Many of the UK’s medieval cities could profess to be ‘the most haunted’, but with a history that can be traced back to 2,500BC, Salisbury can surely wear the crown?
Every Friday night over the summer the city’s Blue Badge Guides steer groups around the various ghostly sites, telling of white figures, severed hands and bumps in the night. But the spirits don’t just come out on All Hallow’s Eve.
So for the few minutes you will spend reading this, let’s take it as fact that our wonderful city is the most haunted. Who or what can we hope to meet when the light fades and it’s only the otherworldly that inhabit the shadows?
A (Cathedral) Close Call
The Cathedral Close should be the first stop in pursuit of the paranormal. More specifically the Royal Gloucestershire, Berkshire and Wiltshire Regimental Museum (The Rifles Museum). Also known as ‘The Wardrobe’, this haunted building dates back to 1254. There have been many recorded stories from museum visitors and staff of strange noises and unexplained happenings.
One of the building’s most famous visitors was Charles II, who took up residence in the city in 1665 in an attempt to avoid the plague. Charles himself hasn’t been spotted, but certainly one of his servants has revealed themselves, moving along corridors observing guests.
Another of the now museum’s previous residents, Margaret Hussey, died in the house at the grand old age of 90 in 1941. She was the daughter of Justice of the Peace James Hussey and his wife Henrietta. Maggie’s ghost is often seen sitting on the sofa in the Regimental Room.
After Margaret died, the building was used as a hostel for World War Two. After this, it became rented accommodation for schoolmistresses based at The Kings House. The ghost of a lady adorned in green was seen by some of the teachers in 1951. She was floating at the foot of their beds and then swiftly disappeared through the wall when spotted.
There have been countless paranormal investigations at the museum, with reports describing books being thrown off shelves, a bricked up window that is heard opening and closing and ghosts of children in the attic.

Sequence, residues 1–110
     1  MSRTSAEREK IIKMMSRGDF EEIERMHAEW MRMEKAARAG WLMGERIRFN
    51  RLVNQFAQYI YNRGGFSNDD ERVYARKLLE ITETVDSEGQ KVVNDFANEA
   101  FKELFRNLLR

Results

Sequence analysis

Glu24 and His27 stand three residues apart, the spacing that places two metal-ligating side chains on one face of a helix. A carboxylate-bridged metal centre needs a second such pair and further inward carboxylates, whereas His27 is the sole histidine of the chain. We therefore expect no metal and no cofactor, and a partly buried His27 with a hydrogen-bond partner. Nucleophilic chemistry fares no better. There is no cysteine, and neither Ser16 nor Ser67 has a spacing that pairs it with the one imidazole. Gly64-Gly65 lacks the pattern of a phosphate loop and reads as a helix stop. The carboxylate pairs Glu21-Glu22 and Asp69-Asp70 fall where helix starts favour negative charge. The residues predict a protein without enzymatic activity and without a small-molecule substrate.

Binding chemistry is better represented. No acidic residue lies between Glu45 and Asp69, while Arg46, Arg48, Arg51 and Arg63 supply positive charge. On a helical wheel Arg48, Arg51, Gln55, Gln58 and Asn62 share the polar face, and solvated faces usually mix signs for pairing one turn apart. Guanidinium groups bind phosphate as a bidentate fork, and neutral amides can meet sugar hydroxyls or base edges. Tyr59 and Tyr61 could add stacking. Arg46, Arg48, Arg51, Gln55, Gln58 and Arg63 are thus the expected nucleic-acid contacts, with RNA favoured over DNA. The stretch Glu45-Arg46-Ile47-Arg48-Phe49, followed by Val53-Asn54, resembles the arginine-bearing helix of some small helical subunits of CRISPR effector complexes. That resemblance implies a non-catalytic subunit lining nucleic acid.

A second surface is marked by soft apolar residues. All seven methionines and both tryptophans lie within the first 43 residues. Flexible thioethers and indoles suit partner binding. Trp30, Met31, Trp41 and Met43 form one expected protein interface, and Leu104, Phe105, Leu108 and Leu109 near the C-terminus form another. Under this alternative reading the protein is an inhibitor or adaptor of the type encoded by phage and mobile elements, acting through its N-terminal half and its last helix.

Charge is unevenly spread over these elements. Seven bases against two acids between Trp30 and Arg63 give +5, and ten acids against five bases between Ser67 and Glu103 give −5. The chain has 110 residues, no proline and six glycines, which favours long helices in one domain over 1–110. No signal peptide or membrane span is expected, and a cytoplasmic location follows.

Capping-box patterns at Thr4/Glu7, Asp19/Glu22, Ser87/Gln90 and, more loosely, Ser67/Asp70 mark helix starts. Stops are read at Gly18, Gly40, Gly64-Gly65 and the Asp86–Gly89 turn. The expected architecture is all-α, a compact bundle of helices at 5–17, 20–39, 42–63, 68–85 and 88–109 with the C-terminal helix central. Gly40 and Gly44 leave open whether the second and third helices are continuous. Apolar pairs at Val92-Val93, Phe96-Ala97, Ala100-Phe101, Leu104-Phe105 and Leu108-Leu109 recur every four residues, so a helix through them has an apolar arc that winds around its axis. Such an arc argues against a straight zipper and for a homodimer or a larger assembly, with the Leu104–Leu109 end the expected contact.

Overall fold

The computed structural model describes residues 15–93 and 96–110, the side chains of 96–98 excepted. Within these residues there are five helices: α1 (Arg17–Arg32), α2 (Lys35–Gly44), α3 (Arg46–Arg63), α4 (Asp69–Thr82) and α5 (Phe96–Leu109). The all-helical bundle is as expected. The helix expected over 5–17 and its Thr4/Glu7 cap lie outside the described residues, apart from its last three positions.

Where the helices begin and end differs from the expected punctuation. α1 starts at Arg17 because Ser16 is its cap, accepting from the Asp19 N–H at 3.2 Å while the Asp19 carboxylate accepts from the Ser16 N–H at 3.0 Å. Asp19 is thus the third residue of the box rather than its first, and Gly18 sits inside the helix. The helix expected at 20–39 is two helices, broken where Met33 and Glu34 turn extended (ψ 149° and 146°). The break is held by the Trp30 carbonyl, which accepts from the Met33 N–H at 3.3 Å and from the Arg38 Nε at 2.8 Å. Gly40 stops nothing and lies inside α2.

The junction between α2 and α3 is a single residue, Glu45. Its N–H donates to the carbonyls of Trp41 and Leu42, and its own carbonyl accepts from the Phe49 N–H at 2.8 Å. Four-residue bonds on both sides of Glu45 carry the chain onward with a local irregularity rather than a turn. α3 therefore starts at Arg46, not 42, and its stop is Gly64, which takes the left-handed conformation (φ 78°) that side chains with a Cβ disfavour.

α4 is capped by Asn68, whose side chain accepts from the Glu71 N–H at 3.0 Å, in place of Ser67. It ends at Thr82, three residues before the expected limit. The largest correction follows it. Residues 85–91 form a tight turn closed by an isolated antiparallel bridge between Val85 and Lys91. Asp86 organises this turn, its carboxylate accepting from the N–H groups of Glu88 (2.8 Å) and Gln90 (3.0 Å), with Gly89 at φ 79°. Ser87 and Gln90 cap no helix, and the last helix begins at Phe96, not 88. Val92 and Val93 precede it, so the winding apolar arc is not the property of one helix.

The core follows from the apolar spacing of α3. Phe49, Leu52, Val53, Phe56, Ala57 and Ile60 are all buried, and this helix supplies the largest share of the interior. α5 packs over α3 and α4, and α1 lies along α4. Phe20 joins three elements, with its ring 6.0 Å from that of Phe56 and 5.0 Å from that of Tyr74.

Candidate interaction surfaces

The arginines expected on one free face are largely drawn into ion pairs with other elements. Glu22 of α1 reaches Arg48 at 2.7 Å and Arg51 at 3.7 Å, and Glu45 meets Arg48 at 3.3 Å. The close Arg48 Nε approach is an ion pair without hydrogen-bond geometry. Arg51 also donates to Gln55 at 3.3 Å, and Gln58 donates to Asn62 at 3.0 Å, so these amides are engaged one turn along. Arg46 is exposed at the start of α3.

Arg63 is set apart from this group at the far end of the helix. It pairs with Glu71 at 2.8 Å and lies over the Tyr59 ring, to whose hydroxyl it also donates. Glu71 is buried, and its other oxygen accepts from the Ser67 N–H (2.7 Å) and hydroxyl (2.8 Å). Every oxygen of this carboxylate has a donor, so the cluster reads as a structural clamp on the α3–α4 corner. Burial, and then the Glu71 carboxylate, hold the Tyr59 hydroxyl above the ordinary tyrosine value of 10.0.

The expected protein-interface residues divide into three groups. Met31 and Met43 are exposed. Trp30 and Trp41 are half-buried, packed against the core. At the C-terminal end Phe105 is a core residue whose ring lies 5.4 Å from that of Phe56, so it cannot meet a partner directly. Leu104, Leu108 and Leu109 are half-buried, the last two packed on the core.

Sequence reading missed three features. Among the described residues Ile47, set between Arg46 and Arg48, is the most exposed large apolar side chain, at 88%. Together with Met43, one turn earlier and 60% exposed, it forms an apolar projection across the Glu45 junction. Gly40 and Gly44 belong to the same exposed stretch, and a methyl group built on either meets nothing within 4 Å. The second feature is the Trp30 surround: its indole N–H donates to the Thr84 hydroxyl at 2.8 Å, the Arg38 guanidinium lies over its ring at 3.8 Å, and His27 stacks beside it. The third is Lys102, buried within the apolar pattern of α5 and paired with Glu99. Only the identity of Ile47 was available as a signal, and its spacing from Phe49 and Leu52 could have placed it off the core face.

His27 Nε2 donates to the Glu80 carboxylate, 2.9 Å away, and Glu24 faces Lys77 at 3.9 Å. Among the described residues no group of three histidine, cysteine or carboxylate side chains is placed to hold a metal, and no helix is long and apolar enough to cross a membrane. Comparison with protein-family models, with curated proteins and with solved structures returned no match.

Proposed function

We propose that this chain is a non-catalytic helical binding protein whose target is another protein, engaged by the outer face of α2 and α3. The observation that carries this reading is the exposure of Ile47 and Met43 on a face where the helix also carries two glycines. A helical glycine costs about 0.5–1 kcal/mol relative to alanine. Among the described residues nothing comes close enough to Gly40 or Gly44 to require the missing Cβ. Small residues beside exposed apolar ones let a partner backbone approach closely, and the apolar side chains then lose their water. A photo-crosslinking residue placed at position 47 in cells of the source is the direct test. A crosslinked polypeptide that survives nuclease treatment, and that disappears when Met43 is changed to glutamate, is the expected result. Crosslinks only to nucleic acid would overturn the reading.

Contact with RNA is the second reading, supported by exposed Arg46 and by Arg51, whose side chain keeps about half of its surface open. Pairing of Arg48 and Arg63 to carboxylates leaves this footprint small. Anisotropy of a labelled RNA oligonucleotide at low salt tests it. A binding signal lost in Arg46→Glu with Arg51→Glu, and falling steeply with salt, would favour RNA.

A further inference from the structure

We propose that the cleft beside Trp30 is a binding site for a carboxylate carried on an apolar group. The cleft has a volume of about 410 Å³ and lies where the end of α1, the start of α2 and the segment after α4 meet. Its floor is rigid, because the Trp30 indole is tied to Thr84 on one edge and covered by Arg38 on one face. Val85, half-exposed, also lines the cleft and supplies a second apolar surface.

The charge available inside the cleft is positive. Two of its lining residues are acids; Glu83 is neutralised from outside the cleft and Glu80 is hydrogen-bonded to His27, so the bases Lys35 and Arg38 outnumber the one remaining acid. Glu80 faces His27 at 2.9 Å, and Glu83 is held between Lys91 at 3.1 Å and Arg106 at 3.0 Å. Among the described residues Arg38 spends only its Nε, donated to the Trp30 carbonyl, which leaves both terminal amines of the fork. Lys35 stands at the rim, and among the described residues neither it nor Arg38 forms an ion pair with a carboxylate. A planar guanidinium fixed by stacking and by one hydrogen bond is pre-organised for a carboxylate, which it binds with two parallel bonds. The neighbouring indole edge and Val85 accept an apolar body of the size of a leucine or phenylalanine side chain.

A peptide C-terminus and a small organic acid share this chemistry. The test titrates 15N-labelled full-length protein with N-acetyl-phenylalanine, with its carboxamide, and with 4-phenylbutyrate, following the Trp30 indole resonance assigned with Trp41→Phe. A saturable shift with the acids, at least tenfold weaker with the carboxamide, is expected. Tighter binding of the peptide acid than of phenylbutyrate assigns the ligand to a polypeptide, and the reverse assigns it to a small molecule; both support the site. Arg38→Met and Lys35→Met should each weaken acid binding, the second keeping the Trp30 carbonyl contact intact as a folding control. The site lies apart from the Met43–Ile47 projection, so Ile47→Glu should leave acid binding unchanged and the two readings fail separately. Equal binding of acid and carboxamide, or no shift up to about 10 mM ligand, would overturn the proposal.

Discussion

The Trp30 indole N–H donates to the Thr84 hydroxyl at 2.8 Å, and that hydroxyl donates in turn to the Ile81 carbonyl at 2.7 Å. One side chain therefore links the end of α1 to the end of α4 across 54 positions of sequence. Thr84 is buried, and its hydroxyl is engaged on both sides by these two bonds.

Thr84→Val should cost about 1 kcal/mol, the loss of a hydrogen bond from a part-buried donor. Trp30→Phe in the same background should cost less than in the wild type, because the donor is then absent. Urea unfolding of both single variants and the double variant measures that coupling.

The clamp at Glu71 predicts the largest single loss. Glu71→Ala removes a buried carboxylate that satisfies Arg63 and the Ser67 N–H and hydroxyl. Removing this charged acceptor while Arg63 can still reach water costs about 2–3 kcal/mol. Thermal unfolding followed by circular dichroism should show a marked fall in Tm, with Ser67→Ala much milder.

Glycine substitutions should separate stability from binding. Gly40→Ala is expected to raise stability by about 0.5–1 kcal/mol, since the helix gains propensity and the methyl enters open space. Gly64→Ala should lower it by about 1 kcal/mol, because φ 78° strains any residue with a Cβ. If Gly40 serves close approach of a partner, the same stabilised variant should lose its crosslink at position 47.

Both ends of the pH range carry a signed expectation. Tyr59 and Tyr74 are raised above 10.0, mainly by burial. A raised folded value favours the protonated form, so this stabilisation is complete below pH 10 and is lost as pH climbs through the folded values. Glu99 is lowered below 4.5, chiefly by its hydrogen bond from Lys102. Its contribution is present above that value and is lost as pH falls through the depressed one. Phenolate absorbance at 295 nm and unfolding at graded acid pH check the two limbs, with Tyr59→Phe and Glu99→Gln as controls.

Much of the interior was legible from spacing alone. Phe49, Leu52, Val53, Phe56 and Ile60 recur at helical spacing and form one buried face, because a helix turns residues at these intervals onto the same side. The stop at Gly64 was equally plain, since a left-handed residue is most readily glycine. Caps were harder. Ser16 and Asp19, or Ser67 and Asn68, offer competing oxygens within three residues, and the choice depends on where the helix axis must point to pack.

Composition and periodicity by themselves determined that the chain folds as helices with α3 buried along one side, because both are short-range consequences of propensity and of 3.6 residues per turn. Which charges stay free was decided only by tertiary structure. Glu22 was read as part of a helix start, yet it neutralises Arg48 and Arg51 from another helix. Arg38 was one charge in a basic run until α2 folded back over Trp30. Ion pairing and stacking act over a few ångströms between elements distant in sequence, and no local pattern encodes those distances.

‘Off with his head’
From The Close, to the Market Square, and the familiar story of Royal treachery. In 1483, with the help of the Duke of Buckingham, Richard III was crowned King. However it didn’t take long for the Duke to be come disaffected by his King and rebel against him. King Richard was so enraged by his once friend’s treason that he demanded his soldiers to “bring me his head’. So it was that the very next day in the courtyard of The Blue Boar Inn (previously Debenhams) he was beheaded. It’s been rumoured that the Duke now haunts the old department store looking for his lost head.
Lady in Grey
Over at Salisbury’s most haunted and oldest (1320) public house – The Haunch of Venison is the severed hand of the ‘Demented Whist Player’, who decided to cheat at cards. Needless to say, this cheat certainly didn’t prosper. But what is there to be afraid of from the remains of a card player’s hand? Very little unfortunately as the actual one was stolen in 2004. It’s the groaning grey lady at the pub visitors should be on the look out for
That’s the spirit
In June, we finally got the keys to our new location in The Cross Keys Shopping Centre. Old timbers, original fireplaces, creaky floorboards. It was just what we were looking for – a 14th century building bursting with character. We’ve since discovered it’s also bursting with spirits – all with attachments to the building’s long history.
In 2015, the show Ghost Towns visited the city, and medium Derek Acorah investigated the then tearooms. He managed to contact the spirit of Charlotte, a seven-year-old child who died at the property. Back then; it was The Plume of Feather’s Inn, with stables where TK Maxx stands now.
But it’s not just Charlotte we have for company. Our colleagues Barry King and Ian Cowley at Spire Spooks Paranormal, who run paranormal investigations here at Live Escape Salisbury, have seen, heard and experienced many unexplained phenomena. “While in the building at night we have felt cold breezes,” says Barry.
“We’ve been touched on the head and legs, heard plates crash in the kitchen when it is completely empty. We’ve even heard a little girl laughing on the ground floor.
“Torches go off and on by command and cat balls light up and move when no one is near them.”
More investigations by Barry and Ian have led to them finding out a stable boy called Owen was apparently drunk one night and was murdered on the top floor by someone else who worked at the inn. The murderer was apparently hung in the Market Square for the crime.
Afraid of the Dark?
As the nights draw in and the building plunges into darkness by mid afternoon, there is a slight discomfort in the idea of being alone in this renowned haunted building. In the meantime, investigations into the spirits and the history surrounding The Plume of Feathers Inn continues.
If you want to join the Spire Spooks Paranormal team on an investigation, there are events taking place every Friday and Saturday night for £35 per person. Go on, I dare you. Book here